The widespread belief is wrong that management’s hands are tied when faced with questions about decertification. Generally speaking, the NLRA prohibits management from instigating, encouraging, authorizing or ratifying “decertification petitions.” There are, however, a number of lawful approaches management may take that will enhance the prospects of a decertification petition being filed. Although the employer may not become involved in assisting or participating in the circulation of a union decertification petition, the employer is not prohibited from responding to employee inquiries about the decertification process, as long as the responses are accurate. On request of employees, an employer may describe the legal avenues available to the employees; may advise them to seek assistance from the Board; and may further advise them that they have a right to exercise their rights to decertify a union. In addition, an employer can establish a labor relations educational program that broadly examines all of the federal laws and regulations regarding the relationship between employees and a union. As part of that educational process, the employer may address such topics as: how the employer-union relationship can come into existence; what rights and duties flow from the relationship; and how that relationship can be ended. Through this process, the employer may discuss the procedural aspects of the law in terms of how employees can go about filing a petition for decertification with the Board. Any such educational program should be reviewed in advance by counsel to ensure legal compliance.
What can management do in a campaign against the union?
Once a petition for decertification has been filed and the election process has been set in motion, the campaign to deunionize will begin. The success or failure of a decertification election— from the employer’s perspective —will depend on how the employer conducts its campaign. Campaigning is permissible under the law. The key to success is effective communication of the employer’s views on the issues relating to the employer-employee relationship at the affected work site. Although the campaigns should be specifically tailored for the nature of the existing relationship between the employees and the union, some or all of the following issues are of the kind the employer should address in the campaign:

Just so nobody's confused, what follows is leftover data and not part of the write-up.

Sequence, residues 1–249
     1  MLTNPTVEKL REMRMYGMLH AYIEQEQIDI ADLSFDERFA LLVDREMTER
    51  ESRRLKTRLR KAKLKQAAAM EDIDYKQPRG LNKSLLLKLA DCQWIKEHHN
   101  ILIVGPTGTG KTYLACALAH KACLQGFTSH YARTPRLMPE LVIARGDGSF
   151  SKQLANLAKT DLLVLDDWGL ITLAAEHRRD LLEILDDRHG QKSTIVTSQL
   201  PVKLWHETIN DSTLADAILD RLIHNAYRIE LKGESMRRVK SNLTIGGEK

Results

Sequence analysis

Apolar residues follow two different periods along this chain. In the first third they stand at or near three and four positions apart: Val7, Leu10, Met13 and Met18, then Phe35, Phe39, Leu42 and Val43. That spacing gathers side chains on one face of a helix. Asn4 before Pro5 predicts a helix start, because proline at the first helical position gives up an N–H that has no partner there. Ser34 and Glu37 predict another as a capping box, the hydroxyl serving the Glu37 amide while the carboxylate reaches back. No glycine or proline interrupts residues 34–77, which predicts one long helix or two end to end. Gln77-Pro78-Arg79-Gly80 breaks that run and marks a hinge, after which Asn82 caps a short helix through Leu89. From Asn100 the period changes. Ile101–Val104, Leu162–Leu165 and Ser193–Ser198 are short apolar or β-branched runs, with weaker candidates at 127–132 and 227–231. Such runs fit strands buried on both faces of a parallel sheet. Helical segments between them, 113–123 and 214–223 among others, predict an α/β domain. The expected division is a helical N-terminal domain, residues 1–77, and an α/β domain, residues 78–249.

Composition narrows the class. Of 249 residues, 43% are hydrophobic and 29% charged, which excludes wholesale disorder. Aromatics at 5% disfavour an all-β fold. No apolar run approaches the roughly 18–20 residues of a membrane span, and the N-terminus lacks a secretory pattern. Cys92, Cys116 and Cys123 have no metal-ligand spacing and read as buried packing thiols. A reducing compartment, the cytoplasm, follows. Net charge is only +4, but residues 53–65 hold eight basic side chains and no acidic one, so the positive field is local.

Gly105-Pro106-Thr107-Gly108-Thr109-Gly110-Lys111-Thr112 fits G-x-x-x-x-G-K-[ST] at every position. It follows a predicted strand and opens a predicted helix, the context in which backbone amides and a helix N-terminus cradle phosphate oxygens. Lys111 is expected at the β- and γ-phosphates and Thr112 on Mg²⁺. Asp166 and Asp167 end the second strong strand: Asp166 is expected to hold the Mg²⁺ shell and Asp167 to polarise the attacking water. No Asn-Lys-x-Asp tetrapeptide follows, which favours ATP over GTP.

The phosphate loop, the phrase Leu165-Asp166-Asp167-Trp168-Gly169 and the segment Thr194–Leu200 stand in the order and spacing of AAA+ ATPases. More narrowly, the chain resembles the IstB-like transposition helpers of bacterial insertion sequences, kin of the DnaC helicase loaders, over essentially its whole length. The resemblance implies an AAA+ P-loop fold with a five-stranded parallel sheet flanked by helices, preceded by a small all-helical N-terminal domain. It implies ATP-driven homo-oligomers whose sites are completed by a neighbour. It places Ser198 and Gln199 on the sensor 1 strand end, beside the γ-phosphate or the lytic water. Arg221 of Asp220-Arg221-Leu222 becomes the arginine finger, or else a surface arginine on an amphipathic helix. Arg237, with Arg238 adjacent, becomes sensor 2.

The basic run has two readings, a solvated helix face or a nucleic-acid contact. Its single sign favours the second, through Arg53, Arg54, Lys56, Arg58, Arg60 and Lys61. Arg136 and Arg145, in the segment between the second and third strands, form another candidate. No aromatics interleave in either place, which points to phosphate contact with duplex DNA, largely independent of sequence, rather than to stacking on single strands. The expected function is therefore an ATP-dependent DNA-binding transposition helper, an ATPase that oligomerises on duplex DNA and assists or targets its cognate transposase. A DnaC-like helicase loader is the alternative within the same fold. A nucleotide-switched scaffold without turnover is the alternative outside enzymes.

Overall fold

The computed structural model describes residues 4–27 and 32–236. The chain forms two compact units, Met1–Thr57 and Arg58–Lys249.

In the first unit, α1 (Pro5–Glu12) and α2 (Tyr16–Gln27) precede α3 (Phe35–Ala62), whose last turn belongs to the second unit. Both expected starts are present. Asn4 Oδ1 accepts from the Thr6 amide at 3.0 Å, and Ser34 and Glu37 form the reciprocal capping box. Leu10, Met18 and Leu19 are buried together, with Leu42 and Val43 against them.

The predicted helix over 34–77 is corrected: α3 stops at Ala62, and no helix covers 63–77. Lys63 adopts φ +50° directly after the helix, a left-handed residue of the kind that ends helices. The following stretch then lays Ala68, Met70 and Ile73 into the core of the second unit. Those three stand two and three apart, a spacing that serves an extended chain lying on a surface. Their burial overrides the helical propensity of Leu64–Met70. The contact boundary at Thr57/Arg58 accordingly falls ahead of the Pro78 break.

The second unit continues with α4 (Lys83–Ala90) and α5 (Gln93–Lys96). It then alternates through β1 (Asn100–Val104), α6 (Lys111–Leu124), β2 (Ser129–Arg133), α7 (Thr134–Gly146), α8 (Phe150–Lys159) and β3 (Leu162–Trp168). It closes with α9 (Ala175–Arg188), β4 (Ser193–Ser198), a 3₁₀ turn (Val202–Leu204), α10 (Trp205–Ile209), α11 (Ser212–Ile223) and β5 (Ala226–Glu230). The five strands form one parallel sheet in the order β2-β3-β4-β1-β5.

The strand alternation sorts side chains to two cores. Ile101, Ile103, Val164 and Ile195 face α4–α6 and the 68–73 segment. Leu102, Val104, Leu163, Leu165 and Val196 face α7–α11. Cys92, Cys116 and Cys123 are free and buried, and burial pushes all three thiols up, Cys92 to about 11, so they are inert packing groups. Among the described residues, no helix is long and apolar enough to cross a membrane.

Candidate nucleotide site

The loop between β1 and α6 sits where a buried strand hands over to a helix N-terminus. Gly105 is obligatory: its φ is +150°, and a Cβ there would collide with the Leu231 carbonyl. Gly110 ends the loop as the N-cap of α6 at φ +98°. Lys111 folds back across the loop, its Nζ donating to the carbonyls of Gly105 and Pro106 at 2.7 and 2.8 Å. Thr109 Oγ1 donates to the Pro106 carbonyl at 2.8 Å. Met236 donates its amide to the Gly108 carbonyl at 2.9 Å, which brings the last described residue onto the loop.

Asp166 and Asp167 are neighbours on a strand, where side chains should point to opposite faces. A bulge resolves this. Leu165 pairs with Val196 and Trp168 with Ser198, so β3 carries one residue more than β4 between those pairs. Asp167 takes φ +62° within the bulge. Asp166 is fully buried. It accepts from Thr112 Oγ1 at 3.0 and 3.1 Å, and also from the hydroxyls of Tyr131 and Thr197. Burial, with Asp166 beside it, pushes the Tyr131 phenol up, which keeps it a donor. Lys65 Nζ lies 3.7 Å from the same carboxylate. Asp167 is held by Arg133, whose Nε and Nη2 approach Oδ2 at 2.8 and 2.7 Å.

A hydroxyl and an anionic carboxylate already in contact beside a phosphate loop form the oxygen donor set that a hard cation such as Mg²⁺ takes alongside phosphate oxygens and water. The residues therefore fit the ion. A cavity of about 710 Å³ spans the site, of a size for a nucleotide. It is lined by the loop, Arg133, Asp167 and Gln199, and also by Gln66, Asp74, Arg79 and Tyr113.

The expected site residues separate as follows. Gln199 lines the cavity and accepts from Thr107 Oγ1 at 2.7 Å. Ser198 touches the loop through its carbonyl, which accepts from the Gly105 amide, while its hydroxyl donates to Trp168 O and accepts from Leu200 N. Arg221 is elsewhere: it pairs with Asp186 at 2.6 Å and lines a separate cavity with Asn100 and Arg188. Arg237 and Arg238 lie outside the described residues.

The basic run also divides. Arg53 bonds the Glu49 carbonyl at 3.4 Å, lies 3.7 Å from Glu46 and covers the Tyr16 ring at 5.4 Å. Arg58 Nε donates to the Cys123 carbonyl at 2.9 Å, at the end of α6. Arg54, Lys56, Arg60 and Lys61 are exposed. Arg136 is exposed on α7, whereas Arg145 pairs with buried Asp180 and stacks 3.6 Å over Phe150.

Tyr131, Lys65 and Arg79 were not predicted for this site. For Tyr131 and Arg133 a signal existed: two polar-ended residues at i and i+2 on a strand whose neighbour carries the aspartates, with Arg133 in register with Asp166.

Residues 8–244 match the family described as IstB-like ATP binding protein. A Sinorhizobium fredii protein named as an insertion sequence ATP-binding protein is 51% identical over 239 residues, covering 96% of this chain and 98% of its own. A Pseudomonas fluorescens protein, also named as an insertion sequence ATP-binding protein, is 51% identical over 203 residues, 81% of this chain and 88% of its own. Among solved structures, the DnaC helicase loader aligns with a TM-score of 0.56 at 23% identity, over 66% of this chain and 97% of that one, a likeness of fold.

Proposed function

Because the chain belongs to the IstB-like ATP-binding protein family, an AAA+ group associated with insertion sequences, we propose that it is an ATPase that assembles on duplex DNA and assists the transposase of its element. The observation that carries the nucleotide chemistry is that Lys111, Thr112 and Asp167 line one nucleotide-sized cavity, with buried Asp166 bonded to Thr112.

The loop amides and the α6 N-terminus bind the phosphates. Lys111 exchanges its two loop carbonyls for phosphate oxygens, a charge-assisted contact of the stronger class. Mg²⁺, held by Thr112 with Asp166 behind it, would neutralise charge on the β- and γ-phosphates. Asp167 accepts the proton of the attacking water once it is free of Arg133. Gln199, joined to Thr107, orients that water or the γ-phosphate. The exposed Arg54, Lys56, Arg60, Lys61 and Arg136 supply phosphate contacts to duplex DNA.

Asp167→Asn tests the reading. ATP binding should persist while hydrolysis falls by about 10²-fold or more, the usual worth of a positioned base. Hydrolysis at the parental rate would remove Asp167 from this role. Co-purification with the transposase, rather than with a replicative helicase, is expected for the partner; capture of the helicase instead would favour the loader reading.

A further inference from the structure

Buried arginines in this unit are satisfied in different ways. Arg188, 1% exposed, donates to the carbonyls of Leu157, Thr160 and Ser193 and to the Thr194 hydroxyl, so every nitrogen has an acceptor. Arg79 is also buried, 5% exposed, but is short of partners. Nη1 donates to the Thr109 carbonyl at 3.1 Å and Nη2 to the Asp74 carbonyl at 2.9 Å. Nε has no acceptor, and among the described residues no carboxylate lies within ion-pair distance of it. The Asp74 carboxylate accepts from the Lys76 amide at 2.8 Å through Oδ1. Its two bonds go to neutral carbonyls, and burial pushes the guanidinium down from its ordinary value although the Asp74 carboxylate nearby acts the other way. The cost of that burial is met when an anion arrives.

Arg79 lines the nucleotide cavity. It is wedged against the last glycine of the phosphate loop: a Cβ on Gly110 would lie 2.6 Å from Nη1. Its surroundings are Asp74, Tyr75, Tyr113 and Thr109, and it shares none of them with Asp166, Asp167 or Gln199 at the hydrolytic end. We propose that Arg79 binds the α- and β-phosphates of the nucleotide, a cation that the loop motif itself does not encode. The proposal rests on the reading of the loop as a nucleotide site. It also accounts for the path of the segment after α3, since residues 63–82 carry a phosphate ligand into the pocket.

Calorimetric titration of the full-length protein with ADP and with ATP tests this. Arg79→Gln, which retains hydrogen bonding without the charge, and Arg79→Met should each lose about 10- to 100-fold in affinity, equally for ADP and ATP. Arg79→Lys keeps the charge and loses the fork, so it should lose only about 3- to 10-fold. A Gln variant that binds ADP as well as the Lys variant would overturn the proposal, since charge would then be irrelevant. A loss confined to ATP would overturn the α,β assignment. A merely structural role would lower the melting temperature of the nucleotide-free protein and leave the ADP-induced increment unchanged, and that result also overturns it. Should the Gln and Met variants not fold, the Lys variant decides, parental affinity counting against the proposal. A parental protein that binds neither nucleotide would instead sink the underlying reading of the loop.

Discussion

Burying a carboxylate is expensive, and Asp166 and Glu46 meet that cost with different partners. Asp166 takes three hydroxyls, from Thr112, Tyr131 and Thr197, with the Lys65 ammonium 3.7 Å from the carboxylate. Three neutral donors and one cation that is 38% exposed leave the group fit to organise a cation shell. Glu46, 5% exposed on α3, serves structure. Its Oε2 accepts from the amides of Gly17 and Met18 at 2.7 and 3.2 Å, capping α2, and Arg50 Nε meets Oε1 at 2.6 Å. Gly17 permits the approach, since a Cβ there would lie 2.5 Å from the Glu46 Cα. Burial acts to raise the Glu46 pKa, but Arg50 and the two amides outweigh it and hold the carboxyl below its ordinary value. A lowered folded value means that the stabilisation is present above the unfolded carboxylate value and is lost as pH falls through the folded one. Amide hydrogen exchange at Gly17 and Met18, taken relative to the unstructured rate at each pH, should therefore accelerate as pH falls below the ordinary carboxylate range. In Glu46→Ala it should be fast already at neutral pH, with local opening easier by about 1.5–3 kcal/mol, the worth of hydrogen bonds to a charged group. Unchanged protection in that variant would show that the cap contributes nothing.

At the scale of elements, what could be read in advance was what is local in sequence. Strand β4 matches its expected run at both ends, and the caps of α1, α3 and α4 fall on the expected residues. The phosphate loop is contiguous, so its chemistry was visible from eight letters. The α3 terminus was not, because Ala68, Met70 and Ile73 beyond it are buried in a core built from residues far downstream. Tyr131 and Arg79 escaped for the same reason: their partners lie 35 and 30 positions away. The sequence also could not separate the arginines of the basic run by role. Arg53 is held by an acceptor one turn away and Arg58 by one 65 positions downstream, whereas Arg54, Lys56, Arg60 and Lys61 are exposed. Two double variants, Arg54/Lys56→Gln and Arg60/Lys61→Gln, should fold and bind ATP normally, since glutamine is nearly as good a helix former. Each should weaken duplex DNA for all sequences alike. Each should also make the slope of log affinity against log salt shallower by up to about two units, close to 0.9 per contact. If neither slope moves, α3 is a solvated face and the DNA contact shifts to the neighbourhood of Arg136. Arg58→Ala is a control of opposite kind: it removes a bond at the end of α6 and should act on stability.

Marta M. Fernandez is a senior member of JMBM’s Global Hospitality Group and of the Labor Department. As a management labor lawyer, Marta specializes in the representation of hospitality industry clients in all aspects of labor and employment. For more information, please contact Marta Fernandez at 310.201.3534 or at [email protected].
The Global Hospitality Group(r) is a registered servicemark of Jeffer, Mangels, Butler & Marmaro LLP
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|Also See:||Outlook 2002: A Roundtable Discussion / Bruce Baltin, Bjorn Hanson, Randy Smith, Jack Westergom - The Global Hospitality Advisor / January 2002|
|New Rules for Hotel Workouts: REMICs for Dummies / The Global Hospitality Advisor / JMBM / December 2001|
|Living in the Wake: Predictions & Practical Implications / The Global Hospitality Advisor / JMBM / December 2001|
|Avoiding Liability for Lay-Offs / The Global Hospitality Advisor / December 2001|
|The Worker Adustment and Retraining Notification Act: Impact on the Hotel Industry / JMBM|
|When is an Apartment a Hotel ... and Who Cares? / The Global Hospitality Advisor / JMBM / September 2001|
|The 'Perfect Storm' / The Global Hospitality Advisor / JMBM / September 2001|
|Richard Kessler's Grand Theme Hotels - Interview with GHG Chairman Jim Butler / March 2001|
|Stephen Rushmore's Industry Trends / Top Markets, Predictions & Opportunities / Jan 2001|
|Outlook 2001: A Roundtable Discussion The Global Hospitality Advisor / Jan 2001|
|Perspectives on Hotel Financing in 2001; Jim Butler, JMBM's Global Hospitality Group Chairman, Interviews Two Active Players in Hotel Finance / Jan 2001|
|Robert J. Morse: Millennium’s New President / Interview with GHG Chairman Jim Butler / Nov 2000|
|Special Reports / Jeffer, Mangels, Butler & Marmaro LLP|